…well maybe not the part where you learn to speak and write English properly, but I did pick-up a lot of useful life skills growing up in Brooklyn, New York, that have helped me in my public relations career. I guess we all gather life lessons as we make our way in this world, here’s a few of mine:
Patience is necessary: You need to be patient if you are making your way around Brooklyn – there’s a lot of waiting to be done: waiting for public transportation (the bus or subway to arrive); waiting to cross the street on the green light (yes, lots of people don’t wait for the green – but that can be dangerous on busy city streets); waiting in checkout lines at stores – for everything (there are over 2,500,000 people living in Brooklyn and they always seemed to be shopping on the same day I was shopping!). It’s just part of living in a big city, and if you can relax and enjoy it (most of the time) you’ll have a better, happier day – and you’ll find that those around you will respond in a positive way, too (most of the time – this is Brooklyn, after all!).
As a PR specialist, patience is crucial to dealing successfully with client projects. I devote as much time as necessary to each client’s project, making sure that everything is carefully and properly executed. If I take the time at the beginning of a project to cover all the details, there is less chance of any mistakes occurring. So rather than “rushing” through a project just to get it done, I take the time and “patience” necessary to get it done right the first time.
Project Confidence: Sure living in a big city can be hectic at times – everyone moving very quickly, giving the impression of masses of people trying to get to the same place at the same time. And, yes, there can be evil lurking around a corner or down a deserted street. But you need to move ahead confidently to wherever it is you are ahead towards. (I learned this when I had to take a bus and subway to high school at the age of 13 – in a neighborhood quite far from where I lived.)
The world of PR can also be challenging at times. A client can be nervous about starting a new marketing program; a media outlet might ask for more information on an article they have accepted for publication; a client might have a crisis that needs to be addressed – immediately! Handling these challenges in a confident manner, with my experience to guide me, puts everyone at ease and erases any “fearful” moments – for me and my clients.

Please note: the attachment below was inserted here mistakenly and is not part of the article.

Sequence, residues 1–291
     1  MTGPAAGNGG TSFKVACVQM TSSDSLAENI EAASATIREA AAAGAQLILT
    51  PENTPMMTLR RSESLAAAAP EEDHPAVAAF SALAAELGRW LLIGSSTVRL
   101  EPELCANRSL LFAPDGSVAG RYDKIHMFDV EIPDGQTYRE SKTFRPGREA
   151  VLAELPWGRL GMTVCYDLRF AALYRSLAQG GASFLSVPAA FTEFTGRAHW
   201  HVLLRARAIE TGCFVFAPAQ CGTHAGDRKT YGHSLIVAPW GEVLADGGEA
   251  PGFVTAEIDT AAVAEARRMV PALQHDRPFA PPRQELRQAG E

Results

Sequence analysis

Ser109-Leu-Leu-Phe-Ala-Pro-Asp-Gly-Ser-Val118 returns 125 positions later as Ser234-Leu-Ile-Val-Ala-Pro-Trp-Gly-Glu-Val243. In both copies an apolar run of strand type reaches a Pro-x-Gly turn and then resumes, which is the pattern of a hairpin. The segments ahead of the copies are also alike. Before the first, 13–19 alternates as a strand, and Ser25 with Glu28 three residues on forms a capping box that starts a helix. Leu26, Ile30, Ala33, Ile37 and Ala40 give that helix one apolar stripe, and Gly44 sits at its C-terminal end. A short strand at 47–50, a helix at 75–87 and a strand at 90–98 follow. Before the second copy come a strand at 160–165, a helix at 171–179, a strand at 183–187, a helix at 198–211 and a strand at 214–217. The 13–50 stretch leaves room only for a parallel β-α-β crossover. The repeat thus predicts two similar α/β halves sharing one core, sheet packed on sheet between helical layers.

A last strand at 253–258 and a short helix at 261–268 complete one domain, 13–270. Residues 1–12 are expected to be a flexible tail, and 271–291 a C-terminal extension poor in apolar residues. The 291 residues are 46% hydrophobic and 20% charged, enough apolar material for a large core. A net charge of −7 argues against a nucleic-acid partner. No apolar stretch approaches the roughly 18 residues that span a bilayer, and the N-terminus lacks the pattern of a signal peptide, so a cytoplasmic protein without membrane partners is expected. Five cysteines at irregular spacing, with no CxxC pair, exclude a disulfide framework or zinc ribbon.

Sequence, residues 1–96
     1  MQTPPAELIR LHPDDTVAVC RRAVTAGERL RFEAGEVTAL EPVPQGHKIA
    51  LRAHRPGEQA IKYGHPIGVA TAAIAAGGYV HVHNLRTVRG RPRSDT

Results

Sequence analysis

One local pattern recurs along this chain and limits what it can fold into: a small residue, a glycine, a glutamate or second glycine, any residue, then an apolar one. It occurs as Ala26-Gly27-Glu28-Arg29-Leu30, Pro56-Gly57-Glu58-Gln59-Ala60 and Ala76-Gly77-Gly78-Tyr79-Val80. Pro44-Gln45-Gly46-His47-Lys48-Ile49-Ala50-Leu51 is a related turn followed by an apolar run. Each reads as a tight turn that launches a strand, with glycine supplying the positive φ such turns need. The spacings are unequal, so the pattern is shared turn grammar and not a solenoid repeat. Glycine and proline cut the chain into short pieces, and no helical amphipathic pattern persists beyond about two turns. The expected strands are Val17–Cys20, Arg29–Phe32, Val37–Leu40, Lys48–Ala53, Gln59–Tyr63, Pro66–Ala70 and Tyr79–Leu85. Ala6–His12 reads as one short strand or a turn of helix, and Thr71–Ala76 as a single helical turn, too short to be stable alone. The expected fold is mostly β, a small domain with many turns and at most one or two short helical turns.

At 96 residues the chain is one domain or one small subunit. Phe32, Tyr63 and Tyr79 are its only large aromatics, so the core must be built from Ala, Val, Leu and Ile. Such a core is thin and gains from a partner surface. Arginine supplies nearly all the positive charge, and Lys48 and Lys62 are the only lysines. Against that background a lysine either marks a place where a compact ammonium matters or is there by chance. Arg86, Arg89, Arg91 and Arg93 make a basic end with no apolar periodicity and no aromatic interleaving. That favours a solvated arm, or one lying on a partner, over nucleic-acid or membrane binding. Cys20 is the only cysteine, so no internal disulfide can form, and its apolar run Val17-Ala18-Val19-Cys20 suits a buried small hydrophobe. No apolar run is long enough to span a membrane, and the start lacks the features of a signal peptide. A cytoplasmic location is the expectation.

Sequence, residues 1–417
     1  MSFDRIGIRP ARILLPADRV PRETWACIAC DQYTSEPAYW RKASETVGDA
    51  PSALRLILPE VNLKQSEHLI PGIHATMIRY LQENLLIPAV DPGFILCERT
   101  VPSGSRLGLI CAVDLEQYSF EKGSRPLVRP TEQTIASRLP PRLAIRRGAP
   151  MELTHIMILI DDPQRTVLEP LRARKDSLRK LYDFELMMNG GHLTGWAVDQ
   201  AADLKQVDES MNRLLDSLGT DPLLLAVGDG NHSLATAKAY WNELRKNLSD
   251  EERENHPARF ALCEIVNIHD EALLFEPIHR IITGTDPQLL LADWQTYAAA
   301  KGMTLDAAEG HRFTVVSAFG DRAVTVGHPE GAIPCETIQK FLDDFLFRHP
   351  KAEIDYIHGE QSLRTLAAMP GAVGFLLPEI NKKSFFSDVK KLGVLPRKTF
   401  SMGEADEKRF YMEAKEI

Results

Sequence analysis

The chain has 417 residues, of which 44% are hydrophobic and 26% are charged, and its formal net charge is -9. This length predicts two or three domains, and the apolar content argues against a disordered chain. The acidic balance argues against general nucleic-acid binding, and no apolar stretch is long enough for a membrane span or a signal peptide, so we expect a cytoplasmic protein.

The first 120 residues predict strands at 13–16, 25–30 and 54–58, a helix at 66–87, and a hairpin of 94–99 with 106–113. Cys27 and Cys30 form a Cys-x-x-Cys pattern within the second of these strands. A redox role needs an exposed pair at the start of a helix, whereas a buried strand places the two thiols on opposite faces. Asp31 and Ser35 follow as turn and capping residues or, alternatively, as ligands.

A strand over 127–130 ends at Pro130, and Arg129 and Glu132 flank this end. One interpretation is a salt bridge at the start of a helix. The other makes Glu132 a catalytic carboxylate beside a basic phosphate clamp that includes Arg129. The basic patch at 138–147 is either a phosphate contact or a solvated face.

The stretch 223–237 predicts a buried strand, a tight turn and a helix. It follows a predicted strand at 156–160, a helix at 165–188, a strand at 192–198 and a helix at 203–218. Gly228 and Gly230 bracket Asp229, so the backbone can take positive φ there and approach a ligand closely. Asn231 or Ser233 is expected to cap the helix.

Friendliness Counts: Admittedly, it can seem that people living in a large city are not very “friendly.” Everyone appears to be engrossed in their own thoughts as they move about from their homes to the bus or subway, and then to an office, school or store. It takes concentration to move efficiently from one place to the next while maneuvering among throngs of people and traffic jams. But a quick “Good Morning” to the bagel store owner and a “Good Day” to the subway conductor usually elicits an equally friendly comment. Living in the city means you are interacting with the “public” every day. And it just takes a moment to spread good cheer.
Public relations activities are the ultimate “public” interaction! Every day whether through emails, social media or phone calls, my “friendliness” is an important part of my interactions. A bright “Hello” on a phone call and an inquiry as to the “well-being” of my client, makes every interaction pleasant, even during calls when problems must be discussed. Similarly, “friendliness” can be conveyed in an email, by using words such as “Hi,” “Hope you are having a good day,” and “Thank you.” While these phrases might sound like clichés, they still convey meaning and sincerity. And they work for me.
Even though I live in New Jersey now, my life lessons from growing up in Brooklyn have helped me to carve out a successful career in public relations.
Or, as they say in Brooklyn – “Fuhgeddaboudit!”